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Validity of and interrater agreement on the LINNEAUS Euro-PC medication safety incident classification system in primary care in Poland

05 May 2014


Medication safety incidents occur in all health care sectors and cause considerable morbidity and mortality, with 8.5% of all related incidents reported estimated to occur in primary care. A common incident classification system could facilitate collective learning from the analysis of medication-related errors and improve patient safety


The objective of this study was to assess the validity of a new classification system of medication safety incidents in primary care in Poland.


Analysis of data from a descriptive, cross-sectional, self-reported survey on the Learning from International Networks about Errors and Understanding Safety in Primary Care (LINNEAUS Euro-PC) medication safety incident classification for primary care with assessment of 10 case-based clinical scenarios done by doctors and pharmacists form community-based family medicine clinics and pharmacies in Lodz.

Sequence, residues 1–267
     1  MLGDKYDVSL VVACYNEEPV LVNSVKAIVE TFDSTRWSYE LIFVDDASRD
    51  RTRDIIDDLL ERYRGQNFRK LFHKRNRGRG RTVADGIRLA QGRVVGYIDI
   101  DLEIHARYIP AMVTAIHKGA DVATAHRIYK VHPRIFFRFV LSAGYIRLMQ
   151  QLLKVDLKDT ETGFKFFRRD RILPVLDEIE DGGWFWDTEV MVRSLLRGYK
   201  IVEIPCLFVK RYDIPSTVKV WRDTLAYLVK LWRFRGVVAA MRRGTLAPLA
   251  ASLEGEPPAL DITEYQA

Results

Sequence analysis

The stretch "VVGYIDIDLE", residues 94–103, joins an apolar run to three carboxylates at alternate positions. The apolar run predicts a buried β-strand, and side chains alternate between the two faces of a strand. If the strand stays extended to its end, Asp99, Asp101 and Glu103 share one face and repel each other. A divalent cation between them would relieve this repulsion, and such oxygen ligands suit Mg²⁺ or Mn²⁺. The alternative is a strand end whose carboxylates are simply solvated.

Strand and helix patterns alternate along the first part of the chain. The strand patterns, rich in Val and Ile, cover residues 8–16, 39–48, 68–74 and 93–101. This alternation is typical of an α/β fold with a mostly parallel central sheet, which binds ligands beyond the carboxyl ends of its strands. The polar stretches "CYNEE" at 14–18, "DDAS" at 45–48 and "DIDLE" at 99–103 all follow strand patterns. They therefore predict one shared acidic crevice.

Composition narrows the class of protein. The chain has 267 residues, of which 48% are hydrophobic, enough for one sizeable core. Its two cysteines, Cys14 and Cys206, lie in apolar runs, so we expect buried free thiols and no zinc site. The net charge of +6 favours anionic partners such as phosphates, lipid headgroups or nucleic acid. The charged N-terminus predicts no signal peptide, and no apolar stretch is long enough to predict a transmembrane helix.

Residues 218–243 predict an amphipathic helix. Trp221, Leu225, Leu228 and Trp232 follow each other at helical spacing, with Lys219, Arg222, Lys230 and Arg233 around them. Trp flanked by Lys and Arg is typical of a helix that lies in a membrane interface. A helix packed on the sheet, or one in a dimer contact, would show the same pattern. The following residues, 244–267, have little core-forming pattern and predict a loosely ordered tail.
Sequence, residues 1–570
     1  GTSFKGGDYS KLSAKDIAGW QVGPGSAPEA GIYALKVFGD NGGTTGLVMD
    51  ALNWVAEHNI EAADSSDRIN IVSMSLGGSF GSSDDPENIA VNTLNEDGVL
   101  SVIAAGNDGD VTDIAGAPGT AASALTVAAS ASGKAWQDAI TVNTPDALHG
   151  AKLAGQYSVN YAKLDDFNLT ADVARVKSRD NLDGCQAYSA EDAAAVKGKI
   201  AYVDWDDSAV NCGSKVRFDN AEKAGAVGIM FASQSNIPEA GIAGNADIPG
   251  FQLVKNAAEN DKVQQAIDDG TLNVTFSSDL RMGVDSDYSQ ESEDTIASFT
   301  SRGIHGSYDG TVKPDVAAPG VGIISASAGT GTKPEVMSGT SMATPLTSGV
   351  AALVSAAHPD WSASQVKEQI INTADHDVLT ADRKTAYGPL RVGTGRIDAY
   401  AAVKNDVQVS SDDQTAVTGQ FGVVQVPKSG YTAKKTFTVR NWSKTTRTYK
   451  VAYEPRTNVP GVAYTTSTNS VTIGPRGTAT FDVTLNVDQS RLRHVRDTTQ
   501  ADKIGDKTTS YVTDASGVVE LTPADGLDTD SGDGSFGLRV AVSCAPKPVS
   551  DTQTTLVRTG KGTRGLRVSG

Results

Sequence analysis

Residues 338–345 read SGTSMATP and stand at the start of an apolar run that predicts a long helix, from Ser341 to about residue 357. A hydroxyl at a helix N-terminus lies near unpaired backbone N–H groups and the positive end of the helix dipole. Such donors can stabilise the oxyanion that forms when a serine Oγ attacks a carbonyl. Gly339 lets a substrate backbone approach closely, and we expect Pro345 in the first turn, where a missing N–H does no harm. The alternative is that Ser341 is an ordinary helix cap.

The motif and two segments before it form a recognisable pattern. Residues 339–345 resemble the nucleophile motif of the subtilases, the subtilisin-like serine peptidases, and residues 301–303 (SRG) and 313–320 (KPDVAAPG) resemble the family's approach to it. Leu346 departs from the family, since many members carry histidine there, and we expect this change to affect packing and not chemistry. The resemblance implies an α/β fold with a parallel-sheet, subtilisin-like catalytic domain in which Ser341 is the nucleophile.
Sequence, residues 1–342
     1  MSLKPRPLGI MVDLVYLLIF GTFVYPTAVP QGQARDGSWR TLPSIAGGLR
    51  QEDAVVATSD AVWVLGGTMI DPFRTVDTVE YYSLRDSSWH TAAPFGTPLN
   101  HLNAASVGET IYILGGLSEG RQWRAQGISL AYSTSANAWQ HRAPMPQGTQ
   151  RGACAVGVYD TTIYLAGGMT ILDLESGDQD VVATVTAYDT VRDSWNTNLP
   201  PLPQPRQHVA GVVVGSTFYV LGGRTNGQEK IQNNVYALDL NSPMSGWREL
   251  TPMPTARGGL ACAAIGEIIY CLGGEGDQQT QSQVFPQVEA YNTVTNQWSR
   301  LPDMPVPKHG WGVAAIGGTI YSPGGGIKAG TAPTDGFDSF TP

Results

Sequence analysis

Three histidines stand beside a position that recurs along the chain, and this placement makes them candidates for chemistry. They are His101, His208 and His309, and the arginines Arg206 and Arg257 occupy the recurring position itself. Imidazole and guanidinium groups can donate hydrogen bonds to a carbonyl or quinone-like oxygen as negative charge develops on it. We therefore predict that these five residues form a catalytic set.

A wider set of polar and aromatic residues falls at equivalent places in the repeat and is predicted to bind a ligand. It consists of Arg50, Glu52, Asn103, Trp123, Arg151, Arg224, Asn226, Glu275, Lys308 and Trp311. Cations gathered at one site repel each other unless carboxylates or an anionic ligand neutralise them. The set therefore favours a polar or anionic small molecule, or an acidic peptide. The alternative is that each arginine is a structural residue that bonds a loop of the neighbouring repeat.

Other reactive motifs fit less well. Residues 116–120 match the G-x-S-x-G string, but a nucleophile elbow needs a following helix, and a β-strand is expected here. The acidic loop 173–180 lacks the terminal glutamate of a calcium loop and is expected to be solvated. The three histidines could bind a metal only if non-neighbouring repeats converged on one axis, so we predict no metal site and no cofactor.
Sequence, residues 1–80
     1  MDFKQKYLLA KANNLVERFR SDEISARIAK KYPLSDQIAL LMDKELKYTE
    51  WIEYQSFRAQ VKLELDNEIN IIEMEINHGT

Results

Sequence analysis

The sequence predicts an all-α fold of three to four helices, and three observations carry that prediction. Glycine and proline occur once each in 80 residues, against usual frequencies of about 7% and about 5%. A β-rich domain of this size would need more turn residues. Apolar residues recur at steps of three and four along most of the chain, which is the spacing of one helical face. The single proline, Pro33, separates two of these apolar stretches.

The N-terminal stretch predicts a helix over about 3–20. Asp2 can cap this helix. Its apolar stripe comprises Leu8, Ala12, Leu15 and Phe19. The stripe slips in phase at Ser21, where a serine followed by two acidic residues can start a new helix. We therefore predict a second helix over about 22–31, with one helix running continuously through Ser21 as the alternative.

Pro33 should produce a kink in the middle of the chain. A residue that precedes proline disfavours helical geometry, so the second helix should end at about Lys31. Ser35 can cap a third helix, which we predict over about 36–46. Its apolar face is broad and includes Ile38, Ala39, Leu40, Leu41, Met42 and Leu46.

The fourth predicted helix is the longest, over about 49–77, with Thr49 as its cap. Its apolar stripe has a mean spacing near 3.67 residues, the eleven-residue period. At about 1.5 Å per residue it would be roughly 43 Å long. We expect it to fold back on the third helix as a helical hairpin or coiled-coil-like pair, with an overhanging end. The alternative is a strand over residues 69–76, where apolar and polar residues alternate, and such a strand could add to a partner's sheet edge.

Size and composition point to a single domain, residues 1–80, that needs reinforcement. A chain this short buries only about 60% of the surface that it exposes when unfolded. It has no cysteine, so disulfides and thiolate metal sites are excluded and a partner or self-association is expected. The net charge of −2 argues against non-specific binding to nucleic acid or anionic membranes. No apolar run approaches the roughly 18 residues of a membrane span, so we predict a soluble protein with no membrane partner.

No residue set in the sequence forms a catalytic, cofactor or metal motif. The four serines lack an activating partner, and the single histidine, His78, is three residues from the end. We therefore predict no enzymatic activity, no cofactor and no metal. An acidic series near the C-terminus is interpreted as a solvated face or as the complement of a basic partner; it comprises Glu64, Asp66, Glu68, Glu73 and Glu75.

Main outcome measures

The percentages of overall agreement on judgements and a fixed-marginal multirater kappa (κ) coefficient as statistical measures of interrater agreement for categorical items.


The overall agreement levels were: category 1 – 86.3%; category 2 – 85.6%; category 3 – 72.1%; category 4 – 71.8%; and category 5 – 70.4%. The interrater agreement between the 15 evaluators varied as follows: category 1 fixed-marginal κ = 0.144; category 5 fixed-marginal κ = 0.565; category 3 fixed-marginal κ = 0.607; category 4 fixed-marginal κ = 0.634; and category 2 fixed-marginal κ = 0.807.


This is the first known study on levels of agreement on the perception of medication safety incidents and assessment of the validity of a related classification system in primary health care in Poland. Interrater agreement in this study was surprisingly high, but still leaves room for improvement.

5 May 2014

Click here to view the full article which appeared in Journal of Evaluation in Clinical Practice